Soy harvest

Soy traders are not yet aligned with crucial anti-deforestation requirements

Soy traders are lagging behind major legislation against illegal deforestation, according to a new report.

An annual report by the Soy Transparency Coalition – which comprises big food and retail companies including Tesco, Sainsbury’s and Pilgrim’s – revealed “significant gaps in action” towards achieving fully deforestation-free soy.

Traders are behind where they need to be as they gear up for the European Union’s Deforestation Regulation (EUDR), which comes into force at the end of the year.

The EUDR specifies a December 2020 cut-off date by which soy plantations must be on land that’s not newly deforested. But only three of the coalition’s traders have an aligned requirement with the coming regulation, the report showed.

Traders who do not have a universal cut-off, or one later than 2020, show “no signs of changing commitments to align with a 2020 cut-off date”, according to the research.

“During the assessment, it was not clear what level of engagement traders are having with farmers to prevent deforestation and land conversion in the lead up to a later cut-off date,” said one of the report’s authors, Charlotte Williams.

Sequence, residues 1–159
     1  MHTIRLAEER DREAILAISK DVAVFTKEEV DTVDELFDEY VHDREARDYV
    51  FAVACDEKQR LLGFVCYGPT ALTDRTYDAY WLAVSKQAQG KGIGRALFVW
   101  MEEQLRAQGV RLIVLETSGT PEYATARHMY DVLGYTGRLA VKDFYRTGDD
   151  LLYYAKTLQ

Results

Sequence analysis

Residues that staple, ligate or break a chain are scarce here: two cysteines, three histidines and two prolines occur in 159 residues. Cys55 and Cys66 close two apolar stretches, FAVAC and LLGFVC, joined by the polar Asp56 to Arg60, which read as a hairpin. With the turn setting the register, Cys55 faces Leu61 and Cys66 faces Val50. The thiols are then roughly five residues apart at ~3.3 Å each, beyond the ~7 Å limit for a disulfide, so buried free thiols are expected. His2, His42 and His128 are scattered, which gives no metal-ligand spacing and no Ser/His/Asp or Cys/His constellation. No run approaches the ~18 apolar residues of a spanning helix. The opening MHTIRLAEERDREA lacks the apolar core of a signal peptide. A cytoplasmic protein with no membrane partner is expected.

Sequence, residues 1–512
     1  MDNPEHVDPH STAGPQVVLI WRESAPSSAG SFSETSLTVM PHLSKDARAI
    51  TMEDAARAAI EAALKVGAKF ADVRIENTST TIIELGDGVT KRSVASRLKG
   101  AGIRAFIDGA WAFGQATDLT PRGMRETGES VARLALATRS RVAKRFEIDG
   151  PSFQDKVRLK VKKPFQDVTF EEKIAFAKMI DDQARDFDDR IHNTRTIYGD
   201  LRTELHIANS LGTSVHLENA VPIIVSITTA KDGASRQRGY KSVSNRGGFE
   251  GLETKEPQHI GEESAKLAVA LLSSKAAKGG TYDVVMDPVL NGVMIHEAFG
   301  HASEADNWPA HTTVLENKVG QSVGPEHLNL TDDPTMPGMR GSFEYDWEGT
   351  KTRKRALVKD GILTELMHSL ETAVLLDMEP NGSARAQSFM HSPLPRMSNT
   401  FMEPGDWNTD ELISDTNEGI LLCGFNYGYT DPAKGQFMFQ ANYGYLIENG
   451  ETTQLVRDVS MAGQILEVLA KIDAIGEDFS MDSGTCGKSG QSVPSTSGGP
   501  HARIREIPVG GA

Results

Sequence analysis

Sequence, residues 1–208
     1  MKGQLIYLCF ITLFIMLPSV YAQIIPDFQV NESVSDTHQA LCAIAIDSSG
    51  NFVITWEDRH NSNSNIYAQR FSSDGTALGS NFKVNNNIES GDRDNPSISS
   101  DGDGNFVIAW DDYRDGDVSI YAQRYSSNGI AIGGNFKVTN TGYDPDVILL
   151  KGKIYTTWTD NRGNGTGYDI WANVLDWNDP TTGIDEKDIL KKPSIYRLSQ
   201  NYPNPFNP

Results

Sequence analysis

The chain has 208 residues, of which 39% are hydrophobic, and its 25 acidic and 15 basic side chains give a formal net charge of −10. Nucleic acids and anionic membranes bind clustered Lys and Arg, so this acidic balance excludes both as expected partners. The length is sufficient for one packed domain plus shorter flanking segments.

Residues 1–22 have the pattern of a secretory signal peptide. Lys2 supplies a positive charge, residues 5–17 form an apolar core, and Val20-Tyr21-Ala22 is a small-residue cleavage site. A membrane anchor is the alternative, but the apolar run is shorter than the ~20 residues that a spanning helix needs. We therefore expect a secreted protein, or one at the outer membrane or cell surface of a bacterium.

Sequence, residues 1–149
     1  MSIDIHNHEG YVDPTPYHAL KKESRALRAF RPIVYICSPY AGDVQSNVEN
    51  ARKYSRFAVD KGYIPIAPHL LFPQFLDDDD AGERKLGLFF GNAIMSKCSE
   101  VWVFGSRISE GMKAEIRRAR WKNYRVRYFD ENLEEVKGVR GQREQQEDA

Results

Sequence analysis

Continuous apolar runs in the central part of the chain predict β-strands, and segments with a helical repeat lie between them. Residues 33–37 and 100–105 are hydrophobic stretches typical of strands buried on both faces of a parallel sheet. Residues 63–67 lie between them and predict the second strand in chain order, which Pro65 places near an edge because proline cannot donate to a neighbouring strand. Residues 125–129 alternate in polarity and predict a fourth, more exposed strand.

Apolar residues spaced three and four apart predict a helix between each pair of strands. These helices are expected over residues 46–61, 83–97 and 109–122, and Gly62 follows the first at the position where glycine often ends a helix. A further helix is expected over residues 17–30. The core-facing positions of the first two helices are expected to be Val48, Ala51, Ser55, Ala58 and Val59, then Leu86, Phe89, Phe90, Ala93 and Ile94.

“There is a risk of the global supply chain splitting, with high-risk soy sent to regions that do not yet have the same level of regulations as the EU.”

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Traders are now under pressure to up transparency across their supply chains as both the EU and the UK are cracking down on deforestation linked to commodities like soy, coffee, cocoa and palm oil.

But traceability of indirect supply – when traders buy soy from other intermediaries – remains a significant challenge, the coalition’s research found.

Many businesses still fail to consistently monitor their entire value chains, despite this being a crucial requirement of the EUDR from 30 December 2024.

The report, carried out by 3Keel on behalf of the coalition, is an annual review of the policies and actions of the 11 most significant soy traders supplying coalition member companies – which also include Cranswick, Hilton Food Group, KFC Europe, M&S, Sofina and Waitrose.

A Sainsbury’s spokesperson said the report “highlights the need for further commitments and transparency from traders if we want to halt deforestation and conversion in supply chains”.